NCC PORTAL

Find resources from across the six NCC's

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The Portal brings together a broad selection of resources from all six of the National Collaborating Centres (NCCs). Search for resources by clicking on NCC, Type, Topic and Core Competency.

Please note: the Portal is not exhaustive and not all resources are indexed by PHAC Core Competency.

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Children and Their Vision: What Parents and Teachers Need to Know

National Collaborating Centre for Aboriginal Health | 08/15/2018 | Aboriginal Health, Children & youth, NCCAH

Children rarely complain when they have vision problems because they don’t know that their vision isn’t normal. They think that everyone sees the world the way they do. Parents and teachers have an important responsibility to recognize the signs of vision problems in order to identify children who need a complete eye examination.

Children and Their Vision: What Parents and Teachers Need to Know contains accessible information about why establishing comprehensive eye care early in life is important for a child's long term development.

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Identifying and Addressing the Public Health Risks of Splash Parks

Splash parks, also known as splash pads, spray parks, or wet decks, have gained in popularity over the last decade. These interactive parks are artificially created depressions or basins into which water is sprayed, splashed or poured onto visitors; water is not permitted to accumulate, but instead drains immediately out of the play area. Splash parks may take one of two basic designs, which influences the associated public health risks. Non-recirculating or flow-through parks discharge the water directly to waste and present a relatively low risk to their users as the design is based on using fresh potable water. In contrast, recirculating parks collect water in an underground tank, apply some form of water treatment, and re-use the water again. This presents an increased risk of contamination and disease transmission that can be mitigated through proper design and operation.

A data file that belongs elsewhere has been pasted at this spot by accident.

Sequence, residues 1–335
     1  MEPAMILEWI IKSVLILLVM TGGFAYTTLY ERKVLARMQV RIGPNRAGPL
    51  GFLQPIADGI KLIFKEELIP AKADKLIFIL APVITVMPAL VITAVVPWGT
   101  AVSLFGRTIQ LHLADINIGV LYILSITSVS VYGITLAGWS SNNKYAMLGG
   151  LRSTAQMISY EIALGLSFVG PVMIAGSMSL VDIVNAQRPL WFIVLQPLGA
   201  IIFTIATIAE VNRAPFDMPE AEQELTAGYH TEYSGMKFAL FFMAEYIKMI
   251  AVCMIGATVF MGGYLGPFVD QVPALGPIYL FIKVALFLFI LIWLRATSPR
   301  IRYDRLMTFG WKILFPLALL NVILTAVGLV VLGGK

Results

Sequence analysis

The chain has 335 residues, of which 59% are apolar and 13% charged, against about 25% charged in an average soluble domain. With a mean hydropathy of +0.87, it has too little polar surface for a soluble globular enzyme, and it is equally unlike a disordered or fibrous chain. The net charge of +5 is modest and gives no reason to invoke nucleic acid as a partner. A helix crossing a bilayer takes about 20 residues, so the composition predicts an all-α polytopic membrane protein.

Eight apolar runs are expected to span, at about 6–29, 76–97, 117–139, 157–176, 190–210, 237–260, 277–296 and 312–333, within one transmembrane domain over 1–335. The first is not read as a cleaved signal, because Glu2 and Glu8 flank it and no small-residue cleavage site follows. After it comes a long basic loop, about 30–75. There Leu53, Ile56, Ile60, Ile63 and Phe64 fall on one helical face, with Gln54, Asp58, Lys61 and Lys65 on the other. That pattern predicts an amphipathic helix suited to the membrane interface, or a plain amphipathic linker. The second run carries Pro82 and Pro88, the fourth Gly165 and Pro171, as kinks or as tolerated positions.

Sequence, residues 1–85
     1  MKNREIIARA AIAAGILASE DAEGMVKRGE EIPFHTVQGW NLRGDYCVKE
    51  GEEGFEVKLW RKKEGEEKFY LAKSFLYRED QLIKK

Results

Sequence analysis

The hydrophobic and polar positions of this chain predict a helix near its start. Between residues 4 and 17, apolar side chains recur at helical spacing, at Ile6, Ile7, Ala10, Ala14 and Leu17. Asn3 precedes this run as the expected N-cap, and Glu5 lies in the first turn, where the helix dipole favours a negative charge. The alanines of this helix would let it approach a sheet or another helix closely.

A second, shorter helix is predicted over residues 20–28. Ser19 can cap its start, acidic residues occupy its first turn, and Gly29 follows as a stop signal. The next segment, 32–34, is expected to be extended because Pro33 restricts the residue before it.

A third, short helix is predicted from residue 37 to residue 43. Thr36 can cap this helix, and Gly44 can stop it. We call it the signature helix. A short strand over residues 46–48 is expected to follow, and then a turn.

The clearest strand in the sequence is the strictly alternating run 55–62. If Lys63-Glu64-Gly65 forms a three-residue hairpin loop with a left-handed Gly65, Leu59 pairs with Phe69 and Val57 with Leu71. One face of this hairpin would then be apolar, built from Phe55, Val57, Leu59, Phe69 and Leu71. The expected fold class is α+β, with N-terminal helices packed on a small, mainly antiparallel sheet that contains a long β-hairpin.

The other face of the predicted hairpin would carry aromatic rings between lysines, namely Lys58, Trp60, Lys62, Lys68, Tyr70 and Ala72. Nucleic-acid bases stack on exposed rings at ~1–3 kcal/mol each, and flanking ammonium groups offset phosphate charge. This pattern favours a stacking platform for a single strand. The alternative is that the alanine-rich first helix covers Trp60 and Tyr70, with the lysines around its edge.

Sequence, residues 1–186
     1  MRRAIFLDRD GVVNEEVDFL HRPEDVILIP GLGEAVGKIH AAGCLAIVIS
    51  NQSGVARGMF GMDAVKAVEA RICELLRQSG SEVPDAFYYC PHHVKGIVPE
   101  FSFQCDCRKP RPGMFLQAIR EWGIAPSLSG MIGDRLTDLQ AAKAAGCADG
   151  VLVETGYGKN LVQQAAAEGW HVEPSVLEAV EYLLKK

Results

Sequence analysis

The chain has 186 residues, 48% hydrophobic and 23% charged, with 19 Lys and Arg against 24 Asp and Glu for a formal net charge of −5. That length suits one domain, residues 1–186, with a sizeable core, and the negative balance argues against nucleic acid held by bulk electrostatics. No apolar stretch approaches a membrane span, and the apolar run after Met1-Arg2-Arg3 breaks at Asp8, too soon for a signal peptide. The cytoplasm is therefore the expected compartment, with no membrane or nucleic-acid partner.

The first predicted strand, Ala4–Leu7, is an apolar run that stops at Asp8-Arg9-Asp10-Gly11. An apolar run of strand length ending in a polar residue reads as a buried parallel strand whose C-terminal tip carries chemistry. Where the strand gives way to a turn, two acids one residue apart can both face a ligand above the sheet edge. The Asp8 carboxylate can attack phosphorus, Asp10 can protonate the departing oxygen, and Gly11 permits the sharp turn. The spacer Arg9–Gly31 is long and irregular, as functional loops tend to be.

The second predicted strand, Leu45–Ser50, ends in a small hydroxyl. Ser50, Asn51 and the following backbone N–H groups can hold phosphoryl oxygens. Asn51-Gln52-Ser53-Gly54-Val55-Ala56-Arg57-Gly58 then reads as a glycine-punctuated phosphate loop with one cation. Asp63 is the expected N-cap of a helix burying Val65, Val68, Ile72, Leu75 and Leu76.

The objective of this document is to identify risks to public health posed by splash parks, the factors that contribute to this risk, outline practices that can mitigate these risks, and summarize the existing regulatory environment for these facilities. It focuses on epidemiological risks rather than physical hazards such as slip and fall injuries, heat stroke, and foot lacerations.

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Video: Inuit Qaujimajatuqangit - Rhoda's Dream: Burying the Baby

National Collaborating Centre for Aboriginal Health | 12/22/2016 | Aboriginal Health, Children & youth, Indigenous health, Indigenous knowledges, Inuit health, Video, NCCAH

Based on a dream recounted by Rhoda Karetak, this video depicts her encounter and near burial of a baby girl who is gravely ill. Hearing the cries of the baby, Rhoda turns back and pulls the baby back out of the earth. The child's cries turn to giggles and sunshine replaces the dark skies under which this event occurred. Reflecting on this dream, Rhoda draws parallels between burying the sick baby and burying Inuit culture and wisdom, as well as the urgency to revive Inuit Qaujimajatuqangit.

See the related web story

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Sharing their Stories: Narratives of Young Métis Parents and Elders about Parenting

National Collaborating Centre for Aboriginal Health | 08/17/2015 | Aboriginal Health, Children & youth, Indigenous health, Métis health, 2.6 Recommend Action, Report, NCCAH

The newly released report, Sharing their Stories: Narratives of Young Métis Parents and Elders about Parenting, is based on discussions with eighteen Métis parents, aspiring parents and grandparents in British Columbia over the course of 2009 and 2010. This resource documents and analyzes Métis narratives on parenting within the context of their unique historical and contemporary experiences.

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Inuit Qaujimajatuqangit: The role of Indigenous knowledge in supporting wellness in Inuit communities in Nunavut

Inuit Qaujimajatuqangit (IQ) is the term used to describe Inuit epistemology or the Indigenous knowledge of the Inuit. The term translates directly as “that which Inuit have always known to be true.” It is the foundation upon which social/emotional, spiritual, cognitive and physical well-being is built. This fact sheet explores the relevance of Inuit traditional knowledge for health and well-being in Inuit communities, and the potential for Inuit Qaujimajatuqangit to be used as a foundation for health and wellness policy and programs.

(also available in Inuktitut)

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